Background: Prompt diagnosis of intra-anaesthetic acute hypersensitivity reactions (AHR) is challenging because of the possible absence and/or difficulty in detecting the usual clinical signs and because of the higher prevalence of alternative diagnoses. Delayed epinephrine administration during AHR, because of incorrect/delayed diagnosis, can be associated with poor prognosis. Low end-tidal CO2 (etCO2) is known to be linked to low cardiac output. Yet, its clinical utility during suspected intra-anaesthetic AHR is not well documented.
Methods: Clinical data from the 86 patients of the Neutrophil Activation in Systemic Anaphylaxis (NASA) multicentre study were analysed. Consenting patients with clinical signs consistent with intra-anaesthetic AHR to a neuromuscular blocking agent were included. Severe AHR was defined as a Grade 3-4 of the Ring and Messmer classification. Causes of AHR were explored following recommended guidelines.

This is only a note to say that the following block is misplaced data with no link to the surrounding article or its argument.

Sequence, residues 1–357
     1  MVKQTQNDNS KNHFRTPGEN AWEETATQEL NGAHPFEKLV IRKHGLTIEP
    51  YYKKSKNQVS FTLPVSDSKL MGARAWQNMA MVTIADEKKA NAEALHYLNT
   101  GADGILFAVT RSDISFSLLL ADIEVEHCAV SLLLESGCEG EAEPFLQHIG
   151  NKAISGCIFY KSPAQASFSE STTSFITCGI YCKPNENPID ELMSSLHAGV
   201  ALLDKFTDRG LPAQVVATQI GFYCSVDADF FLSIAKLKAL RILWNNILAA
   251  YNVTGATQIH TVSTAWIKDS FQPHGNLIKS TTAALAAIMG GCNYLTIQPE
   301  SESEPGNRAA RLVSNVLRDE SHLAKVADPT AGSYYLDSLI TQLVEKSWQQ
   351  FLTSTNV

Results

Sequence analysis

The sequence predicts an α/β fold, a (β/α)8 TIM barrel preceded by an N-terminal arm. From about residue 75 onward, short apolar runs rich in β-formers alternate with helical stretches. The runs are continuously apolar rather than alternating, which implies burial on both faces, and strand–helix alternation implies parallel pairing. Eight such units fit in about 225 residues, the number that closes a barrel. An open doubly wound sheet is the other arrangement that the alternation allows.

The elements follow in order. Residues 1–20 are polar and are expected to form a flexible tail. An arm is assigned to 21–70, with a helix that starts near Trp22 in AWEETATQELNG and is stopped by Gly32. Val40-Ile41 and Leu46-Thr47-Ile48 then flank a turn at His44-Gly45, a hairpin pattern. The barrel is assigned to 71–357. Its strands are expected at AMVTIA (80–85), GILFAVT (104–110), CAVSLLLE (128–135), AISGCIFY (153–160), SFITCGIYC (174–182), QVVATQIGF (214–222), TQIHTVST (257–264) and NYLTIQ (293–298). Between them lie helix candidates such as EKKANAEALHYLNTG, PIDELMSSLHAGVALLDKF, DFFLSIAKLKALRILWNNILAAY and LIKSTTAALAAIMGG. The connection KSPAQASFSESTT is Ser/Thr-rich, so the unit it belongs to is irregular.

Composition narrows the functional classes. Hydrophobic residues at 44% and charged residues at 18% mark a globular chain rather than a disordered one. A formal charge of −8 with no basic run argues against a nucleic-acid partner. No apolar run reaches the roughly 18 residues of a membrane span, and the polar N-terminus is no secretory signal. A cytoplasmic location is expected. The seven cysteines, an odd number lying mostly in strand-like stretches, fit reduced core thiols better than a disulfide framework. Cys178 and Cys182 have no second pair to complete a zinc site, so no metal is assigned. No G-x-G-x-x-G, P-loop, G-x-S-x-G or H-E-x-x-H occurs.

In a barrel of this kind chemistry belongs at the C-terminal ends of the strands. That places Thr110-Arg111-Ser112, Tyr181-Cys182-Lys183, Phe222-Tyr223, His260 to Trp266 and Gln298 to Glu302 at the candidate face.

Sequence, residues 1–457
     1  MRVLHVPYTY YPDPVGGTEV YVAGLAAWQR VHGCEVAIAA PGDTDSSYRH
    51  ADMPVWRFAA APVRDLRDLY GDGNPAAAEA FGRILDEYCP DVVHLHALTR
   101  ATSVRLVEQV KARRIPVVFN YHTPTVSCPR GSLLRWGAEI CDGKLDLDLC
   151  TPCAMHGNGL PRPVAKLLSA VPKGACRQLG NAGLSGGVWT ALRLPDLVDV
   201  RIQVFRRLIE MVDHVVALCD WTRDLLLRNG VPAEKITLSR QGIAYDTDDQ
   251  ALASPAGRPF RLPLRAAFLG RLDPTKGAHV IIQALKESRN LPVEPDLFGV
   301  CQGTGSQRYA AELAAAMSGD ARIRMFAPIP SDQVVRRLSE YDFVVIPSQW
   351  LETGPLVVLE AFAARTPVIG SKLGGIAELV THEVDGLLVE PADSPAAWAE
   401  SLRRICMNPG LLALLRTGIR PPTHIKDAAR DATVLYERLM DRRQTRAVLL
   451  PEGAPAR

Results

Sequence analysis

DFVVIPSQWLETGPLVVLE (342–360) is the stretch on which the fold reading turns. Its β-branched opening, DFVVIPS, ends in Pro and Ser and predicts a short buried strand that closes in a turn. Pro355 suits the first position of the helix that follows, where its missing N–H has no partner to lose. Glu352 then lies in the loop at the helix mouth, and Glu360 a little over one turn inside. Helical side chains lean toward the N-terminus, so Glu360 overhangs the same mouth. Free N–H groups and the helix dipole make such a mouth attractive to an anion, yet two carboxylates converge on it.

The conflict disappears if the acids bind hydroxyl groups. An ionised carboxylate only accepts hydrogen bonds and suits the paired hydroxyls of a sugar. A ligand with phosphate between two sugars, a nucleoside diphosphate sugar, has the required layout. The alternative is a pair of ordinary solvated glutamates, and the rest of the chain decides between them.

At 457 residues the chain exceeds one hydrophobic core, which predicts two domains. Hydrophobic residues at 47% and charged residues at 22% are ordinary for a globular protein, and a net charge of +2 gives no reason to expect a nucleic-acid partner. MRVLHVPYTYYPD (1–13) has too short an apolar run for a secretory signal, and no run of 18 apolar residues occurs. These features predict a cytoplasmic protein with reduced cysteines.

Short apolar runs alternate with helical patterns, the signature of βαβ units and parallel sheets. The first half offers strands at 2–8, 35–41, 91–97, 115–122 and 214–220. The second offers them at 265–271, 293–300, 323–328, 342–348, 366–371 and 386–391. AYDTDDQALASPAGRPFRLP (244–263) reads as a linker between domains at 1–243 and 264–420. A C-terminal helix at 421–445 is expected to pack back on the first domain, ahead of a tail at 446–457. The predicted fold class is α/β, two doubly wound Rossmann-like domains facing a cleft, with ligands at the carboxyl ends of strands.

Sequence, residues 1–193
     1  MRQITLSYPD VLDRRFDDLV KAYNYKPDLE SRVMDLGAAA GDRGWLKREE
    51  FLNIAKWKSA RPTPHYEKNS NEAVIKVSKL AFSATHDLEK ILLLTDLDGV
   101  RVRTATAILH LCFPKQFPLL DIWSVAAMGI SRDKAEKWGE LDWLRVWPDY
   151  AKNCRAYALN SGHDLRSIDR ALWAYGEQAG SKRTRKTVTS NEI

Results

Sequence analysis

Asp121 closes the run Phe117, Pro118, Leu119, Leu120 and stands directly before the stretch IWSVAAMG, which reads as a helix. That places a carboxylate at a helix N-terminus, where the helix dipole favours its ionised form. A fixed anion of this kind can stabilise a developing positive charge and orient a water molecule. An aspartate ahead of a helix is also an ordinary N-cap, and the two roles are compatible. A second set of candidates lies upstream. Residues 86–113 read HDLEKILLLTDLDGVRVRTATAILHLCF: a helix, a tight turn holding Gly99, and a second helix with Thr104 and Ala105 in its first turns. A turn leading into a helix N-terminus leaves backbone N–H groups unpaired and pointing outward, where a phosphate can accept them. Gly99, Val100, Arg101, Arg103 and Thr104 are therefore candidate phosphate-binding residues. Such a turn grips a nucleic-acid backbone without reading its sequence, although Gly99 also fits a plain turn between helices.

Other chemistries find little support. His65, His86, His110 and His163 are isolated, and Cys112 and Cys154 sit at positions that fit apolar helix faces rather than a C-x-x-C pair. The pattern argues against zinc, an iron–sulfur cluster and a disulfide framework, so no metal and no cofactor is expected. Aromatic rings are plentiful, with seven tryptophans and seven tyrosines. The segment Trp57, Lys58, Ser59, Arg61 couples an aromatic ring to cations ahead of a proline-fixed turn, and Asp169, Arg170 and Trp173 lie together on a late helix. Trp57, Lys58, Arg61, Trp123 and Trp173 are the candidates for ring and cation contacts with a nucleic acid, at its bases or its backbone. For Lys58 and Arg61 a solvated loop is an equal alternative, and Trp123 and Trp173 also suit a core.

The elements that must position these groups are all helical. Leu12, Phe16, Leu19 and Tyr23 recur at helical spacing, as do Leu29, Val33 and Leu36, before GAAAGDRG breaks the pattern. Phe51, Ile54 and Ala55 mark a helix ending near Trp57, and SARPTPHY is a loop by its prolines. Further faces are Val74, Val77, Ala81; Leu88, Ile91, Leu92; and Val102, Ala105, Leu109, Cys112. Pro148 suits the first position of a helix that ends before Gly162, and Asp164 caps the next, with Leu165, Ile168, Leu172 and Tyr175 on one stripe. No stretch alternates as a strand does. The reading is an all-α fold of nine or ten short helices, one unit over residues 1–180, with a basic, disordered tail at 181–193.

Results: Among the 86 patients, 50% had severe AHR and 69% had a confirmed/suspected IgE-mediated event. Occurrence and minimum values of arterial hypotension, hypocapnia and hypoxaemia increased significantly with the severity of AHR. Low etCO2 was the only factor able to distinguish mild [median 3.5 (3.2;3.9) kPa] from severe AHR [median 2.4 (1.6;3.0) kPa], without overlap in inter-quartile range values, with an area under the receiver operator characteristic curve of 0.92 [95% confidence interval: 0.79-1.00]. Among the 41% of patients who received epinephrine, only half received it as first-line therapy despite international guidelines.
Conclusions: An etCO2 value below 2.6 kPa (20 mm Hg) could be useful for prompt diagnosis of severe intra-anaesthetic AHR, and could facilitate early treatment with titrated doses of epinephrine.
Clinical trial registration: NCT01637220.
Keywords: anaesthesia; anaphylaxis; cardiac output; general; hypocapnia; neuromuscular blocking agents.
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